Security – it’s the hot topic right now. The more data we keep, the more data we have to secure. IT must ensure that security is wrapped around everything, and this no longer means just installing a firewall or new (and hopefully better) anti-virus software. What actually matters are the data and the users – and how they interact. Thanks to the proliferation of BYOD and remote users, the way the user accesses networks is of lesser importance and concern in comparison to data security.
With the growing excitement surrounding big data comes those who want to access, manipulate, massage, transform and unpack all of the information at once. Access to this vast amount of data, however, needs to be controlled. Who needs access to it? Is it part of their job description? What compliance issues need to be addressed? Should it be accessed remotely, or only onsite? What other data is being introduced into the mix? How much can they access? How long will they need access? How can you restrict access to just certain portions of a dataset?
By protecting big data, a company can avoid problems like regulatory non-compliance, intellectual property theft and corporate espionage. Companies are increasingly turning to internal network security to control privileged users’ access to data – but who’s watching the watchers? Should IT have access to everything? There is also a definite skills gap when it comes to trained IT personnel around auditing and compliance, and internal security measures. The infographic below shows the severity of inside data breaches.
Identity and access management (IAM) policies help determine user access permissions to ensure that all individuals are properly authenticated, authorized and audited according to your policy. Basically, the questions to ask are: Who has access to what data, from what devices, at what times? This policy can help guide the security of your big data environment as well.
Think of determining a big data security policy like mapping the physical security access within a building. You have to determine which employees’ key cards get them into what sections or floors of the building. You don’t want just anyone who has access to be wandering around and badging in where they’d like, “just to take a look at what’s there.” This presents a liability from a compliance standpoint, and is also an attack vector to insider threats, such as IP theft, or potential blackmail and insider data theft. The same concept applies to securing big data – make sure the right people are accessing the right data.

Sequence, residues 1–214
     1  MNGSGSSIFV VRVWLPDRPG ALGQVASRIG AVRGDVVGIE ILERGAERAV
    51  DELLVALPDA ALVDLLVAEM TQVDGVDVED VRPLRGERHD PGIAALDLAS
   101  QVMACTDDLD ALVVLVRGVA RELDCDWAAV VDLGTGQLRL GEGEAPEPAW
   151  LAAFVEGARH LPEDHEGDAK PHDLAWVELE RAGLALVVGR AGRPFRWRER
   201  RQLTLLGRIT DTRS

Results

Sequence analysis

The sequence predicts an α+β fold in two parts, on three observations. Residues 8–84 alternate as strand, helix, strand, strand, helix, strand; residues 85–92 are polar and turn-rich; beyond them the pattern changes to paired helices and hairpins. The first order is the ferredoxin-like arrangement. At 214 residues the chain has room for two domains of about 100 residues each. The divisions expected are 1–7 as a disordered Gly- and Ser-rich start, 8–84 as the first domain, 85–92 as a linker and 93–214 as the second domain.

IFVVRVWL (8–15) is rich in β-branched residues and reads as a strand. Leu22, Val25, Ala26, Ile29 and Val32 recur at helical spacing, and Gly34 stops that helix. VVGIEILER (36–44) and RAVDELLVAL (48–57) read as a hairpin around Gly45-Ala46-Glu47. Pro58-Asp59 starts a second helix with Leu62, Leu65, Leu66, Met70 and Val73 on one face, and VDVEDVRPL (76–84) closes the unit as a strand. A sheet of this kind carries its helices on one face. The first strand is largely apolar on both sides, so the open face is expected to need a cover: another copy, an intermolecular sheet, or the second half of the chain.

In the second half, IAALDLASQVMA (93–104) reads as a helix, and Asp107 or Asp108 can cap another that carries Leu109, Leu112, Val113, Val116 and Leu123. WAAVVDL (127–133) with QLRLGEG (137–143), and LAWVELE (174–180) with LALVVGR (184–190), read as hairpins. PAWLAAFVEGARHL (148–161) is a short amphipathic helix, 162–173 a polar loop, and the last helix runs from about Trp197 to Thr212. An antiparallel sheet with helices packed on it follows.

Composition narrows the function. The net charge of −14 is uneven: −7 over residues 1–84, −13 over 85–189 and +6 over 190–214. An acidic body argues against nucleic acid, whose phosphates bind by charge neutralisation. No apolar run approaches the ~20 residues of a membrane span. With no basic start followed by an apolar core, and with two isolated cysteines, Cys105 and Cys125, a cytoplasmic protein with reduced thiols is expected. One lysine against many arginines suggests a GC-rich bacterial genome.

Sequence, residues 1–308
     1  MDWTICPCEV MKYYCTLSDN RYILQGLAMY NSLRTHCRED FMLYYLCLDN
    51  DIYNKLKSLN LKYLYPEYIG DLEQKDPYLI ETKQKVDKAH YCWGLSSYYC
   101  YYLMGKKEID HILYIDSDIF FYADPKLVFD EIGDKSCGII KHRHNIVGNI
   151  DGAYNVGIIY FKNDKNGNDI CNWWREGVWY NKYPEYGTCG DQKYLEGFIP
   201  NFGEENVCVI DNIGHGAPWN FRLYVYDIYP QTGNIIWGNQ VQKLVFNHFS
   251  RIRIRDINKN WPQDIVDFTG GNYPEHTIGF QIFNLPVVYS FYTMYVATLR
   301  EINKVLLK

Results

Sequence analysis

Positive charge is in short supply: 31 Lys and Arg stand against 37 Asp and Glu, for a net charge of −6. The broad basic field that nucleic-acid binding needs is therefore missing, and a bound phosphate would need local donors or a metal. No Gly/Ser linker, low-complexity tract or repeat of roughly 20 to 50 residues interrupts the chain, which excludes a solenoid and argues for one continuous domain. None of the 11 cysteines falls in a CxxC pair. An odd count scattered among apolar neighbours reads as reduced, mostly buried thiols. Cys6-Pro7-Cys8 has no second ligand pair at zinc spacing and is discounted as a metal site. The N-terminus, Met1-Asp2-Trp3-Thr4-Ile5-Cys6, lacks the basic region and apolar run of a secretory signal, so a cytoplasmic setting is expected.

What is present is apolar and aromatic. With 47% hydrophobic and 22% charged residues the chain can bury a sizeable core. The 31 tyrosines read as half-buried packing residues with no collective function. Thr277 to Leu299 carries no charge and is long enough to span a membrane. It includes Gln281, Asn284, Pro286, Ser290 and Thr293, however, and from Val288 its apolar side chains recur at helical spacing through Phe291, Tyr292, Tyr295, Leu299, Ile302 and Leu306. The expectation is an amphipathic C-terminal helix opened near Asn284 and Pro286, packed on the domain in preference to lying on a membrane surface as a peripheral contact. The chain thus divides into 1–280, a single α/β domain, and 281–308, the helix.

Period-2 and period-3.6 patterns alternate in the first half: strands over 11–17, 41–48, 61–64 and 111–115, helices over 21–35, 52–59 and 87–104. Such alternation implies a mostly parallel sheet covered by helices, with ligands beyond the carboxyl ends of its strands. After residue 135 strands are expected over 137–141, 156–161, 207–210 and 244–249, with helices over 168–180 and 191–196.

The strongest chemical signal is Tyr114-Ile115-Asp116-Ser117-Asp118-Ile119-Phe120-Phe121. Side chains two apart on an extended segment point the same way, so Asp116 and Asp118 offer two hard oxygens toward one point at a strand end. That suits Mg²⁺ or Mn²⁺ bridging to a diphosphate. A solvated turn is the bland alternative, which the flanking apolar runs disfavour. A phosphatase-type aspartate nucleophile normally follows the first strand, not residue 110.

On the flip side, it’s possible to “quarantine” data, in a sense. By isolating and segregating data and departments internally, you can limit exposure to non-authorized personnel, help stop a wide-spread virus or malware outbreak, or at least limit damage to a smaller piece of the dataset and company resources. But you’d rather be safe than sorry, right? First and foremost, policies need to be established. If you don’t have a policy, build one. If you don’t know how, ask for help. If you do have a policy, make sure that it is consistently updated to reflect the ever-changing business IT environment.
It’s equally important to keep the policy updated to reflect employees who move throughout the organization. Rather than prolonging the “once you’re in, you’re in” problem, access drift needs to be controlled. If an employee moves from one team to another, IT needs to make sure their access permissions are updated accordingly.
Overall, IT teams need to be brought into the process much sooner than they currently are, identifying in advance which users can access what and when, and making sure all of these “buckets” are set up properly.
These are three questions you should ask yourself when determining your company’s IAM policies:
With Arrow’s Empower Secure Enterprise, you have access to proven leading technologies to help protect your customers’ businesses. In addition, Arrow’s Solution Practice Leaders are well versed in the data center security market opportunity and supplier solutions. They can provide the business planning expertise you need to leverage this opportunity and help build your practice.
If you have additional questions about IAM and securing your big data, please contact Davitt Potter or your Arrow representative.
By Davitt Potter
Sr. Engineering Manager, Cybersecurity
Arrow Enterprise Computing Solutions
This post was originally published in July 2016 and has been updated for accuracy and comprehensiveness.
Last modified: May 3, 2019